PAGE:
Again, one has only to reflect on the lengths God had to go to get Paul and Peter to accept others, to realise that my words about the religious authorities are never particularly directed to those of the Jewish faith. It is the constant temptation of all theologies.
I was reading Ecclesiastes chapter 7 for morning prayer recently, where the writer ends: "This alone I found, that God made human beings straightforward, but they have devised many schemes." (29) It called me to question whether this actually denies the doctrine of original sin? I think it is time for me to recall the words of the psalm: "I do not busy myself in great matters: or in things too wonderful for me." Psalm 131.2 APBA p 364
But the words about living in harmony are not just about us creating a caring Christian community, the words tell us that our living harmoniously with others extends to those outside. Paul talks about God's mercy extending to the Gentiles - in fact of course much of St Paul's letter to the Romans is about reconciling theologically his sadness that his own people, the Jews, had largely rejected the ministry of Jesus, and their leaders had put Jesus to death. He also had to reconcile the fact that Gentiles were acknowledging Jesus, in dynamics remarkably similar to the fact that the poor, ordinary "people of the land" welcomed Jesus and invited him into their homes and their lives - to the immense chagrin of the authorities.
So St Paul says: "Welcome one another, therefore, just as Christ has welcomed you, for the glory of God" (Ro 15:7) and that is without preconditions, without putting people down, or putting them "in their place".
I think it can be concluded that the phrase "in accordance with Christ Jesus" does not mean that we are obliged only to live in harmony with "Christians" and we can put preconditions on our friendships with others - more particularly that others must "accept Christ". Jesus went out and lived in harmony with others - he actively sought out people to live in harmony with - that was what his life was all about - and it was precisely this that put him at such odds with the religious authorities. So our following of Jesus, is likewise us, not becoming a clique of like minded individuals who have nothing to argue about because we all think the same, but likewise actively seeking out others with whom to live in harmony. No one is ever likely to live in harmony with anyone else if they put preconditions on their friendship.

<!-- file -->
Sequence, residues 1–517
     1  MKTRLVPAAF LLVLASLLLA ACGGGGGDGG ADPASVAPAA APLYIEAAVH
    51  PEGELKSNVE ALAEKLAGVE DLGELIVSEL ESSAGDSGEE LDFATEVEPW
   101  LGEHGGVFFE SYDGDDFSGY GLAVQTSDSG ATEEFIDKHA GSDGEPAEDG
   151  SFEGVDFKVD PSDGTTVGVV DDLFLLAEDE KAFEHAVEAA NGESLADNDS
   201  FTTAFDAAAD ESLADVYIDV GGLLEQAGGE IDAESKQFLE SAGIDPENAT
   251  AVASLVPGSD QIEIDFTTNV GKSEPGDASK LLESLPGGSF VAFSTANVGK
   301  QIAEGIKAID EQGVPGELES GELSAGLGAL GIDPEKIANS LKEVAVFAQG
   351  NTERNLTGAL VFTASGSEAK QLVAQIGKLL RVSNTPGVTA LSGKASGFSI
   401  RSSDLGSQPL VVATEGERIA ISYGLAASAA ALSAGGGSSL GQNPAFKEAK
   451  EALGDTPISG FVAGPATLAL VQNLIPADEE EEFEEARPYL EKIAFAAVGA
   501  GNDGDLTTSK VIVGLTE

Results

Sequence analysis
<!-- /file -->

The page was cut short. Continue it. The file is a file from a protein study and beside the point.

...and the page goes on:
And indeed as we actually do follow Jesus and do this, we will find the truth of the words, that we will: "together ... with one voice glorify the God and Father of our Lord Jesus Christ" because we would all be glorifying God for the same reason, that God and others accepted us all as we are ... There would be no stronger voices or weaker voices, each and every person would contribute to the harmony ... Indeed of course, as with any harmony, it is not fully complete while the contribution of anyone is missing. This is a further reason that we are sent out ... to complete the harmony.
We might be tempted to think that John the Baptist was not a good role model for the words of St Paul. He called the nation to repentance - which initially seems to expect people to change their lifestyles. This seems quite the opposite of accepting people as they are. But if we look again at the words of the gospel, and just who it is who he calls "a brood of vipers" - it is quite clearly the Scribes and the Pharisees - the religious authorities - not the people of the land who flocked to him. So John the Baptist is actually much closer to the mission of Jesus than he is allied to the Essenes, the rigourous sect from which the Dead Sea Scrolls originate.
May I end by repeating that your witness shows that this is in fact quite possible to do. It is actually possible that Anglicans can live together in harmony, and you can reach out and live in harmony in this community. I need ask you to do no more than this. I can explain some of the big words if you really want me to - I always keep my "Dictionary of Christian Theology" handy - but let no one deceive you that being able to use big words in conversation makes a person a better Christian ...
I have been enjoying studying the science of Victimology this last semester, and the theories and the big words do give people a language in which to think and talk about such matters. But the lecturer made it quite plain that the most important thing he hoped we would get out of the course was not a "pass" at the end, or how adroitly we can explain the big words, but how we are enabled to relate sympathetically to victims of crime. This seems a particularly healthy attitude.